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Indonesia hotel bomber: a graduate of jihad 'ivy league'

Investigation turns to an Islamist school that one of the suspected suicide bombers attended in 1995.

By Tom McCawleyCorrespondent of The Christian Science Monitor / July 20, 2009

An Indonesian forensic team investigates damage to Ritz Carlton hotel in Jakarta on Monday.

Supri/Reuters

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Jakarta, Indonesia

Update: Latest developments reflect focus of investigation now turning to Islamic boarding school

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On Monday, Indonesia's developing investigation into the terrorist attack on the Marriott and Ritz-Carlton hotels in Jakarta that killed nine people last week led them to the tiny Javanese town of Ngruki, where a small Islamic boarding school has been teaching jihad going on 20 years.

Tempo, an online Indonesian news source, said a "number" of police intelligence officers visited the Al Mukmin boarding school and The Jakarta Post reported that Indonesian investigators believe that Nur Sahid, a 1995 graduate of the school, was one of the suicide bombers who attacked businessmen enjoying their breakfasts at the hotel last week.

As the investigation has moved forward, evidence has mounted against Jemaah Islamiyah (JI), an Islamist group responsible for more than 300 murders dating back to 2000. The JI has long used the boarding school at Ngruki – which is run by its spiritual leader Abu Bakar Bashir – as a recruiting hub, making it part of a militant "ivy league," according to Sidney Jones, the leading investigator of the group,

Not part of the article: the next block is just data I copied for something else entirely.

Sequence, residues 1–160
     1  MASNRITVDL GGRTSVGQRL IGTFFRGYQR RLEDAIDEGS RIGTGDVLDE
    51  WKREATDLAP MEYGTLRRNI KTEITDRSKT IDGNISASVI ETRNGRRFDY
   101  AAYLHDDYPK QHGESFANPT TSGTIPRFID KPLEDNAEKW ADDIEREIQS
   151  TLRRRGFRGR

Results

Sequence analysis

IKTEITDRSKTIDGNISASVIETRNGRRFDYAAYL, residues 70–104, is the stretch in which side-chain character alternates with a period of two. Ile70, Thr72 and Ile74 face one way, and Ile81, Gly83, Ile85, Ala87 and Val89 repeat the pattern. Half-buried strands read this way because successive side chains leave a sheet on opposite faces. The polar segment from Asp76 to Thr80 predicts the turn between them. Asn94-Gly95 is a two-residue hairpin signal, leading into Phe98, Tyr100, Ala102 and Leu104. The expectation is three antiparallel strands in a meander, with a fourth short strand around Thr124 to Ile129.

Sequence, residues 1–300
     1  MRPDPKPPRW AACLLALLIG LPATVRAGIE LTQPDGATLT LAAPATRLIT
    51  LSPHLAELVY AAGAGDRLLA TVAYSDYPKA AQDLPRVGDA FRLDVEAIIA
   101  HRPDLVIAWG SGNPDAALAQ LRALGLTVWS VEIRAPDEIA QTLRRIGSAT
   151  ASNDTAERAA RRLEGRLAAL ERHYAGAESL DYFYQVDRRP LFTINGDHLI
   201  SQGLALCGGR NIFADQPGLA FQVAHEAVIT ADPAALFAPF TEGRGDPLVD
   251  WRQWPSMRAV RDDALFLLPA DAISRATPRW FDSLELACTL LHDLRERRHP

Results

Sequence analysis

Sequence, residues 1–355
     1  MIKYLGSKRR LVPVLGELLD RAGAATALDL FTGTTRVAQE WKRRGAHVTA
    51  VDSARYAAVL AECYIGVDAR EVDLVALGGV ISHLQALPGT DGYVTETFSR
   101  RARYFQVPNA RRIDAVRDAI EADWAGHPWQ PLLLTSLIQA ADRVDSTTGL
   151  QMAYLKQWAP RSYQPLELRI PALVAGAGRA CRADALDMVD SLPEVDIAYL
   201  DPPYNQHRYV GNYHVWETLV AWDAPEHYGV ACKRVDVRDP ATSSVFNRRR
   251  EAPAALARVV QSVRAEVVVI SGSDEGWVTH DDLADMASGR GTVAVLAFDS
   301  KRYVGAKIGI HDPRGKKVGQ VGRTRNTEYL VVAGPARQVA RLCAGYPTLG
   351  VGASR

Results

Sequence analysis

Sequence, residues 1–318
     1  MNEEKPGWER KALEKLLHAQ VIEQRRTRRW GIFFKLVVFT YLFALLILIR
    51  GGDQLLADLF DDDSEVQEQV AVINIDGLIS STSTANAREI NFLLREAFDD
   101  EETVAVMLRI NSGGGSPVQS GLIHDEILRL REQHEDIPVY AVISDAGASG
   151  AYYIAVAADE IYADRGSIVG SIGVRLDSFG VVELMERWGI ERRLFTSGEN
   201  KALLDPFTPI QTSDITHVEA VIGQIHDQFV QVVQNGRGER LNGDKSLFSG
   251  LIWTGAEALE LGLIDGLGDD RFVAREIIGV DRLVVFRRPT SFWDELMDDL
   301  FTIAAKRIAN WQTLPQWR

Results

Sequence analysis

Window on a school

Noor Huda Ismail is a 1991 graduate of the school who roomed with a number of boys who went on to join JI. He says that it's important to understand what's taught there if one wants to grasp, and ultimately undermine, the ideology behind these kinds of murders.

He's now a researcher and head of the Institute for International Peacebuilding, an Indonesian foundation that seeks to reintegrate Islamist fighters into mainstream society. He stays in touch with a number of JI's jailed activists.

"They sincerely believe what they did was right to defend other Muslims," Mr. Huda says, explaining the thinking of some of the young men indoctrinated at Al Mukmin. "That's what worries me."

The 1995 class was a particularly fertile one for terrorists. Asmar Latin Sani, a suicide bomber and one-time roommate of Huda's who helped murder 12 people at the Marriott in 2003, graduated that year. So did Muhammed Rais, who assisted in that first Marriott attack and whose sister married Noordin Top, the JI leader who Indonesian police say now leads a splinter group that arranged the latest attack and is their most wanted man.

Foreign plots and obedience

Huda says the atmosphere at the school is one of unquestioning obedience and constant warnings of foreign and Christian plots to harm Islam.

Some of the students became true believers and signed up for jihad (holy war). Others were simply naive or didn't question their superiors when asked to do favors that later incriminated them in wider terror plots. (He recalls one acquaintance who simply gave his bank account to a man who later used it to organize a 2002 bomb plot on Bali that killed 202 people.) "They were trained to be robotic and not to question," Huda says.

Still, Huda says that most of the students at Ngruki never participated in any militant activity, and that the vast majority's views grow more moderate, as his did, when they make contact with the wider world. But as long as militancy and hate are preached, some portion of students will act on that, says Huda.

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